The Helsingborg Symphony Orchestra and Thomas Dausgaard achieve results of the highest quality and the performances come across as a labour of love. Every department in the orchestra shines, from silky strings to well-blended brass, and there are some lovely wind solos to be heard.

The Danish National Symphony Orchestra are equally impressive in the final two works, the choral Seventh Symphony and Requiem. The symphony was completed just before the board of trustees made the decision to suspend regular orchestral concert series and Hamerik had resigned and left before the première was given. Hamerik had married in 1894 and his wife gave birth not long after their return to Denmark to their son, Ebbe (1898-1951). The Seventh is in three movements, two slow ones framing a shorter quicker one and the structure is more individual here than in the purely instrumental works. The chorus contributed excellently, while the mezzo, Randi Stene, has a somewhat wide vibrato and is occasionally masked by the orchestra. The journey from quiet minor key opening to triumphant ending again uses the recurring motifs.

Stene’s singing is far more secure in the Requiem where she is contralto soloist. Hamerik had great love for this work and it was really very well received at both American and European premières. The brass fanfares in the Dies Irae gave me the distinct impression the work was about to transform into Mendelssohn’s Wedding March on more than one occasion; it certainly grabs the attention!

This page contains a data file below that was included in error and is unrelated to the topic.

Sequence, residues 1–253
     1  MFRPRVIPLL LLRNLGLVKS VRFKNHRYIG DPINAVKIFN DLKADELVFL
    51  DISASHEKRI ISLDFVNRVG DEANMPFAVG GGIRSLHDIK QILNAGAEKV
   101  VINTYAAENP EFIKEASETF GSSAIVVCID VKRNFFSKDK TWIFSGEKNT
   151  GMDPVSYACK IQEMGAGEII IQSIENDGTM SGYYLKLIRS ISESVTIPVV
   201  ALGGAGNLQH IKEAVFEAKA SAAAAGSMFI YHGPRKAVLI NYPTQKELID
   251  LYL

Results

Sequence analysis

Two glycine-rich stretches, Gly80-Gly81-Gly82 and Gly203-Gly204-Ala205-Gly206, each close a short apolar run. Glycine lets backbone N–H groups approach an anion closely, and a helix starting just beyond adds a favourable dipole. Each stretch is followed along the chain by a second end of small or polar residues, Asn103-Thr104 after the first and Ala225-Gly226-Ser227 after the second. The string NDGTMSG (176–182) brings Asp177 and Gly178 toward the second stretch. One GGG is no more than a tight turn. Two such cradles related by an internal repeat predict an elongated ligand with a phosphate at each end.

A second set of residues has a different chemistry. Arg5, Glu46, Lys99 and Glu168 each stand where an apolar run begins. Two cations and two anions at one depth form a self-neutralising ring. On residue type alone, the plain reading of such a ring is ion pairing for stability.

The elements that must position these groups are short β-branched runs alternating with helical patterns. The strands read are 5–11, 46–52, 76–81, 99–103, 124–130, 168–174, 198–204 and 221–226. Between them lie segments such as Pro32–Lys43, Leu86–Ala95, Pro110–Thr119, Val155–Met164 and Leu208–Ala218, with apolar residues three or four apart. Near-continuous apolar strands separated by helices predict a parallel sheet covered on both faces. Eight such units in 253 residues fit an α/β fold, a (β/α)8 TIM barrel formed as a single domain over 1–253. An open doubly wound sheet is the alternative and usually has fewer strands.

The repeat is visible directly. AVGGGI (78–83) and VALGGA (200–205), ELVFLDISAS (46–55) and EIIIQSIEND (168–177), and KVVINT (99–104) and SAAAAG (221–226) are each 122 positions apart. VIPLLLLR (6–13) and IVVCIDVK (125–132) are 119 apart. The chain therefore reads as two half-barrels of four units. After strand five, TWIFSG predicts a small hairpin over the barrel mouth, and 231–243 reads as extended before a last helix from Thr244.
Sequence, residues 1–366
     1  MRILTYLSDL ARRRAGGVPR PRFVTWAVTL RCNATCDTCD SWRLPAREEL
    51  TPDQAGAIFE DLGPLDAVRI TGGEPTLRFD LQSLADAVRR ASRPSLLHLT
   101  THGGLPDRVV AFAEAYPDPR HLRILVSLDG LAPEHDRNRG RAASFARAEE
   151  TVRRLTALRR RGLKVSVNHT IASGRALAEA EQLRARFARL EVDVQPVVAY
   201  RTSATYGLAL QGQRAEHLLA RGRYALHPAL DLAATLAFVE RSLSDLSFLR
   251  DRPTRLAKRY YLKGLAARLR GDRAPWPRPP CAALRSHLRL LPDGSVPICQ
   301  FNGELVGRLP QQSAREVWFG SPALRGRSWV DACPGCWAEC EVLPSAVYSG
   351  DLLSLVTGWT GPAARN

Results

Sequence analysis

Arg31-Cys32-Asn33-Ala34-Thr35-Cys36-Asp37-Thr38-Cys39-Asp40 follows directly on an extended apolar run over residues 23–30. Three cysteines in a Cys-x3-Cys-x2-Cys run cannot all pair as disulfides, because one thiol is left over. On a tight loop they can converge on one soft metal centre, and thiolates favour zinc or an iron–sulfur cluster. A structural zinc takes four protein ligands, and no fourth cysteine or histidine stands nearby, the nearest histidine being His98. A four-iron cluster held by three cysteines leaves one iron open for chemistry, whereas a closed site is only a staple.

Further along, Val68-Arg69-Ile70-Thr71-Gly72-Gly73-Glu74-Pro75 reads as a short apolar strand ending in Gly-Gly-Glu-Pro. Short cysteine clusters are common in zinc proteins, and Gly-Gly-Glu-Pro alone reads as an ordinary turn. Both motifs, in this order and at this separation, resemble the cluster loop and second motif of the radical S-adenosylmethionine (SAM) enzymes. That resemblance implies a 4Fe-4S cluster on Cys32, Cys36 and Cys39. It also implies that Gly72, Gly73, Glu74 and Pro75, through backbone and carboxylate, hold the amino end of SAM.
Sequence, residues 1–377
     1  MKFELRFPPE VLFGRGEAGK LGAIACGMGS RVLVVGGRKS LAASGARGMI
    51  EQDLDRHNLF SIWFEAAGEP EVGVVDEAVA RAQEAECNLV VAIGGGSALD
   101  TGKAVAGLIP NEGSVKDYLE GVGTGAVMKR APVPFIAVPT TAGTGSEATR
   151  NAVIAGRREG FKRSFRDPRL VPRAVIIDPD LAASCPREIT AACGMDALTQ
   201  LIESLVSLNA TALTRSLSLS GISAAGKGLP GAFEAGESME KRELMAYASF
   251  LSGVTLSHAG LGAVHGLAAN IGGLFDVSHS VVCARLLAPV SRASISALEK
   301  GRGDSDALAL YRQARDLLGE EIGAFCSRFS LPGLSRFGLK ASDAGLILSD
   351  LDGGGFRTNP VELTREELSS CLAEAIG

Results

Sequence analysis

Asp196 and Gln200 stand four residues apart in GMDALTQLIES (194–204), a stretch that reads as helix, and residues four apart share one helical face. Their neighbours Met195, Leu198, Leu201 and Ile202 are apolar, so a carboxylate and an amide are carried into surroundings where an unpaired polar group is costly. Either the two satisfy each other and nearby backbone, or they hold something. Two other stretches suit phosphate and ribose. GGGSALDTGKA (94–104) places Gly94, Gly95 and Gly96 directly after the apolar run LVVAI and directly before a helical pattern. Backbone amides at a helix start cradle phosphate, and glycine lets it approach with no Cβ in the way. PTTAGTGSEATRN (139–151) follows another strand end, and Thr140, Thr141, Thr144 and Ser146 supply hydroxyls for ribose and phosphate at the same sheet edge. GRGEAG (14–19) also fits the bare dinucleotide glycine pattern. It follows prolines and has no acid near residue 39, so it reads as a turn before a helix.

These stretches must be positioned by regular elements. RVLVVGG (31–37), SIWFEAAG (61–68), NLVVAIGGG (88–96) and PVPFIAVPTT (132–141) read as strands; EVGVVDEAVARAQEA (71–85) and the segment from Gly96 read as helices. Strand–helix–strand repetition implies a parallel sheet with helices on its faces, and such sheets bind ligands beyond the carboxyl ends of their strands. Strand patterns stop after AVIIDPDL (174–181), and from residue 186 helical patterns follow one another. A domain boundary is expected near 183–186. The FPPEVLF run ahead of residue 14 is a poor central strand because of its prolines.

This set of discs comes with an excellent booklet running to 46 pages, with full texts provided and and an extensive and informative essay by Knud Ketting. The recordings in this collection date from 1997 to 2005 and have been remastered very successfully for SACD release. The earlier recordings’ multichannel elements sound real and not processed; although there is a noticeable improvement in sound quality from the First Symphony to the Sixth recorded in 2000, that early quality remains very good indeed and the most recent I found thoroughly excellent. Those with a love for Romantic and late-Romantic music will need little encouragement to sample this first-rate release.


Symphony No. 1 in F major, Op. 29 “Symphonie poétique” (1879-80)
Symphony No. 2 in C minor, Op. 32 “Symphonie tragique” (1882-83)
Symphony No. 3 in E major, Op. 33 “Symphonie lyrique” (1883-84)
Symphony No. 4 in C major, Op. 35 “Symphonie majestueuse” (1888-89)
Symphony No. 5 in G minor, Op. 36 “Symphonie sérieuse” (1889-91)
Symphony No. 6 in G major, Op. 38 “Symphonie spirituelle” (1897)
Helsingborg Symphony Orchestra
Thomas Dausgaard

Symphony No. 7, Op. 40 "Choral-Symphony" for orchestra, choir and mezzo-soprano (1898)
Requiem, Op. 34 (1886-87) for orchestra, choir and contralto
Randi Stene – mezzo-soprano
Danish National Symphony Orchestra and Choir
Thomas Dausgaard

— Peter Joelson